A harmless gesture. They didn’t know what I’d just endured, what I was still enduring. But I said nothing, looked up just long enough to see them, then put my head down and walked back to my apartment. My boyfriend had emerged from the shower not knowing where I was. I asked him to leave; when he was gone, I cried and cried.
That was a Saturday morning. The next Tuesday was 9/11.
I think I had a little PTSD from that experience, because every time someone knocked at my door after that, it sent chills through me—”Who is it and why have they come this far? Am I going to get yelled at again?”
Once, a girl I barely knew from my campus fellowship group showed up with a Bible—a comically oversized New International Version bound in blue leather—and just knew God had told her to come over and look at Scripture with me. She was convinced she was the key to pulling me back into the fold and away from the evils of homosexuality. I politely refused to let her in.
I was really gun shy after that—sometimes, if I was in my room and knew no one could tell if I was really home, I didn’t answer the door at all. I lay still in my bed and just waited for them to go away.
By the spring, I was doing well to go to classes. The whole year had been a disaster. My relationship was going off the rails and yet I felt powerless to end it. I felt like none of my friends wanted anything to do with me. I invited one friend over for dinner, and she said, suddenly very seriously, “I feel like I have to tell you that I believe you’re living in sin.”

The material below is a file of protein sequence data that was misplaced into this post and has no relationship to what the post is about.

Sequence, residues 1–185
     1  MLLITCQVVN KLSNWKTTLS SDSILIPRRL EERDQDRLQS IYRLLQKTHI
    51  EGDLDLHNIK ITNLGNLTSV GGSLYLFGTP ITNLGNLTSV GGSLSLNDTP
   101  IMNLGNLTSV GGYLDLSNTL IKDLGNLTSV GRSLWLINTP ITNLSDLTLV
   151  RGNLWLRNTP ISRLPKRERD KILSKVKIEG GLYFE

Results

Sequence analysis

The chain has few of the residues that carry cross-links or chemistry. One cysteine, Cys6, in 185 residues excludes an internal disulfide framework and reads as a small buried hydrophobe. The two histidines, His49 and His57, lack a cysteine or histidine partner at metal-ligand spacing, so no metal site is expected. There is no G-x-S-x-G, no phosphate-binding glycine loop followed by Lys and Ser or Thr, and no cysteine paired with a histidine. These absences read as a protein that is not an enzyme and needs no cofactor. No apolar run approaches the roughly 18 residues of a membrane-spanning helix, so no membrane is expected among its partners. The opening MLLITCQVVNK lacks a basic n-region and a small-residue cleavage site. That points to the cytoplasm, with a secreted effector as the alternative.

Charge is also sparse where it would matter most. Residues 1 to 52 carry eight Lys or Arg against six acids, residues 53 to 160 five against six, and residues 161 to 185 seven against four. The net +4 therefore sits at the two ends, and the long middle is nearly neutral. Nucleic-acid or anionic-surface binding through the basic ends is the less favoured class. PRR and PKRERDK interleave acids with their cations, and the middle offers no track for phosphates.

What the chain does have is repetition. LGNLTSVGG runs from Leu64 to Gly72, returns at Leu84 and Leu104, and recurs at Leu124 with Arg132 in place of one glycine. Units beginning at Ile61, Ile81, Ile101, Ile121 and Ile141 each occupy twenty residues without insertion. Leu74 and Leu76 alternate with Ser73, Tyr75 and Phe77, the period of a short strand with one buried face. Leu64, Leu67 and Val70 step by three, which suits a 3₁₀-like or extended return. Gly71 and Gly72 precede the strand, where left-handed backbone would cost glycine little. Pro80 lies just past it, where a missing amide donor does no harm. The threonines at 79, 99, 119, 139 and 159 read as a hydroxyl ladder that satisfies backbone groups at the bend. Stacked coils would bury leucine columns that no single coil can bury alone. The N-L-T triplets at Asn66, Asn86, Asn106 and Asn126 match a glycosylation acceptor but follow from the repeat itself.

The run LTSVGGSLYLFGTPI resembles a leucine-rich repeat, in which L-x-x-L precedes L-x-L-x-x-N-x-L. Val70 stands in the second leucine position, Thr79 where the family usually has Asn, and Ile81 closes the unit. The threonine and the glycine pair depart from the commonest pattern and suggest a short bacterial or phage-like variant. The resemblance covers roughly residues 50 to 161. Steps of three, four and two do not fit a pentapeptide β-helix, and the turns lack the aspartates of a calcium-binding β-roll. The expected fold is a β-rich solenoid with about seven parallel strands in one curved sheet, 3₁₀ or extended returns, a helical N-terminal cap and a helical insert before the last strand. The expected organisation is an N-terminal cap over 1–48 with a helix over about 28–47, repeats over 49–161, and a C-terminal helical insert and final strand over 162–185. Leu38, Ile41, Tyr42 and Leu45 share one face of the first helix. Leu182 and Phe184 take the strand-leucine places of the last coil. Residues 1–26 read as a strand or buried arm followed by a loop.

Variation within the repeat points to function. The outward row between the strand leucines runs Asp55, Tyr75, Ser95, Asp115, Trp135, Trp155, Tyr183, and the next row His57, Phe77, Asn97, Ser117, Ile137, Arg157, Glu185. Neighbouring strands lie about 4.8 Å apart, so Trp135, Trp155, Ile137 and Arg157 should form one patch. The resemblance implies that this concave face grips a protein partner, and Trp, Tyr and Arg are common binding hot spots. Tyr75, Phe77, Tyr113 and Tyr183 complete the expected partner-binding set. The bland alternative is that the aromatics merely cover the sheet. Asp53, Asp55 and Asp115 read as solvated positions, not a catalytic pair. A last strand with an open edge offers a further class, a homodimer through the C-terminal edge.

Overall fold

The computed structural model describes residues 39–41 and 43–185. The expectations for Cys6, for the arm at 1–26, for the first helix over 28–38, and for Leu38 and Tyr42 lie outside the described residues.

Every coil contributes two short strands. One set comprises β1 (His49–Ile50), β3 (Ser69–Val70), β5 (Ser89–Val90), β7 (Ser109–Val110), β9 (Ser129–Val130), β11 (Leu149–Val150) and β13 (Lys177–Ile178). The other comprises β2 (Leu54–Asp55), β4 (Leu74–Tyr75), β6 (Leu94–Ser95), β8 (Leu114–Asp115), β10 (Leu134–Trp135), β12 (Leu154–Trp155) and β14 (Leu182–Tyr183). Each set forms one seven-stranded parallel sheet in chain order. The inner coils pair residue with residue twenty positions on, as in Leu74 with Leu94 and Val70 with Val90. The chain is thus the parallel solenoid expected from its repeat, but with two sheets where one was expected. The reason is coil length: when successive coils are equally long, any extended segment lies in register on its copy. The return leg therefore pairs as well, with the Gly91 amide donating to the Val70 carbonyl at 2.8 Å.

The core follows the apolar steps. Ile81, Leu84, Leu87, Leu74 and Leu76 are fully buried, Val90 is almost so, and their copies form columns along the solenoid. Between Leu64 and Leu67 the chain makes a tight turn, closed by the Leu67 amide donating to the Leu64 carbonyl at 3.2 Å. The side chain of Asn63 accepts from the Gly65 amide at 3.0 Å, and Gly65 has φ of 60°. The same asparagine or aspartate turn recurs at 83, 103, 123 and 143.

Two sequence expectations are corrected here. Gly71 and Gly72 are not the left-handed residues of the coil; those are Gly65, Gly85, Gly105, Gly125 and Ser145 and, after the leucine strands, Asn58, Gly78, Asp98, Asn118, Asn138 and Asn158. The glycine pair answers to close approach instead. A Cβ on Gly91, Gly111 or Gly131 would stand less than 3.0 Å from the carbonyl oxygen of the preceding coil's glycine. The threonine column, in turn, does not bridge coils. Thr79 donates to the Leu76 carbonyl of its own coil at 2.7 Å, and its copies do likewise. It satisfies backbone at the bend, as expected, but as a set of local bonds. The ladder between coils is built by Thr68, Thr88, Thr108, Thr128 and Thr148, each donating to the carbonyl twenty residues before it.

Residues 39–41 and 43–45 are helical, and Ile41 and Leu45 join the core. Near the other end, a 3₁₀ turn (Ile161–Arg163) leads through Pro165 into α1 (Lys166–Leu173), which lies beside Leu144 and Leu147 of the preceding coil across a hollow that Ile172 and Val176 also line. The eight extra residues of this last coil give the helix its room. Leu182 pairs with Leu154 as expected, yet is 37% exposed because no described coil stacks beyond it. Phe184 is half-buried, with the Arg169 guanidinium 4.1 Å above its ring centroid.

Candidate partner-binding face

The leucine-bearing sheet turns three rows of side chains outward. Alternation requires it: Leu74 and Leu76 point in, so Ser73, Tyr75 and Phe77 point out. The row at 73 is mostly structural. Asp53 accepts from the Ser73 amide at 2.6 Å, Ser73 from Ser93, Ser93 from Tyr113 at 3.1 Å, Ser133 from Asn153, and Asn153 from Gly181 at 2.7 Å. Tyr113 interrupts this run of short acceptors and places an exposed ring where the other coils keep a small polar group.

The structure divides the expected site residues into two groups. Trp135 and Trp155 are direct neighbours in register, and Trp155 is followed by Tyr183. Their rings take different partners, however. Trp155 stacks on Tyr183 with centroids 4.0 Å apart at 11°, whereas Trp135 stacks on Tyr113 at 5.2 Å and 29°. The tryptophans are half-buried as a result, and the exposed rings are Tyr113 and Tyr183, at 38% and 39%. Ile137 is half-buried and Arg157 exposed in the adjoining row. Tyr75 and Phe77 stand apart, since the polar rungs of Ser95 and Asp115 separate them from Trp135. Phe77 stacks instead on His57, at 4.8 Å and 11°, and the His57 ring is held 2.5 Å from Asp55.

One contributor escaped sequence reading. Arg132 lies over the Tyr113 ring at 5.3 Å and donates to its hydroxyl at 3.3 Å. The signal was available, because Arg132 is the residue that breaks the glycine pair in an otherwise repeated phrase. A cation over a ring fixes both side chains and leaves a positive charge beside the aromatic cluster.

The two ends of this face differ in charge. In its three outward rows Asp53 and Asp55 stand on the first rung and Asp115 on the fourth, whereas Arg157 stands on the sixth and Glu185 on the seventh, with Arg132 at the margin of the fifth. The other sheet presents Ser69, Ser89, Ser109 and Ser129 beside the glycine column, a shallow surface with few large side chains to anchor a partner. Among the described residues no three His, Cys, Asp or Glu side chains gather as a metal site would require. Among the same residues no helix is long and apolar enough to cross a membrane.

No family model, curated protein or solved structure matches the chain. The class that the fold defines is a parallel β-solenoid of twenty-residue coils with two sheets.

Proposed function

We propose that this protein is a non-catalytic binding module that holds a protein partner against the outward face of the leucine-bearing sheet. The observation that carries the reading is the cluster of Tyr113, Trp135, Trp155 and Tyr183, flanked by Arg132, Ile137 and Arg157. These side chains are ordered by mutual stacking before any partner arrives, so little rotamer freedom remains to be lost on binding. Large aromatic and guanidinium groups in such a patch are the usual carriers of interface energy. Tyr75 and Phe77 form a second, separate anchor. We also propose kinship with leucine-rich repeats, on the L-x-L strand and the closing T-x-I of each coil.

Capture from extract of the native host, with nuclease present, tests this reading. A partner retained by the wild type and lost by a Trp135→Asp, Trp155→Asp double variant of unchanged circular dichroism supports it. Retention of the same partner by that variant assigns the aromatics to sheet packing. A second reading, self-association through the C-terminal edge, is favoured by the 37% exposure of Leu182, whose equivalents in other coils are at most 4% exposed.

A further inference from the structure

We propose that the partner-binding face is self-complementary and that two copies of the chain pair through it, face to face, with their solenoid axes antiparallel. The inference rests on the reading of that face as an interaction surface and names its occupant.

“Yes, I know you believe that,” I replied. The words echoed in my mind for days, amplified each time they bounced off the throbbing inner walls of my brain, louder each time they echoed. You have to tell me? I thought. What about all the things I felt like I had to say? I swallowed them; I swallowed almost everything. I listened to my friends, whether their words were kind-ish or awful, as the friend who said, her voice full of spit, “I am traumatized by the fact that you’re gay.”
So I couldn’t tell you why I opened the door one spring afternoon when I heard a knock. Maybe I didn’t even think about it. But I went to the door and there she stood—another friend from our fellowship group. This time, a friend I knew well—we’d been to Ireland together our freshman year, and though we didn’t hang out much socially, she’d never looked at me with anything but delight.
“I have to tell you something,” she began.
Oh Lord, I thought. Here we go again.
I almost stopped her, but again, something stopped me.
“I’ve been volunteering with AIDS patients,” she said. “And I felt led to come tell you that I don’t think you’re sick, or that God is angry with you.”
I don’t remember how long we talked, but it was a long time. She listened to everything I’d been through; she was the first person who’d listened to me in longer than I could remember. That conversation was desperately needed balm to a deeply wounded soul. I carry it with me nearly thirteen years later, as I look around the world and wonder and fret about the impact of Christianity on this world—a force for good or bad? For greater or lesser integrity and love? I don’t always know. But this moment of pure love and grace and hopeful vulnerability has remained to remind me that sometimes, by some mystery, what we need is sent to us at just the right time.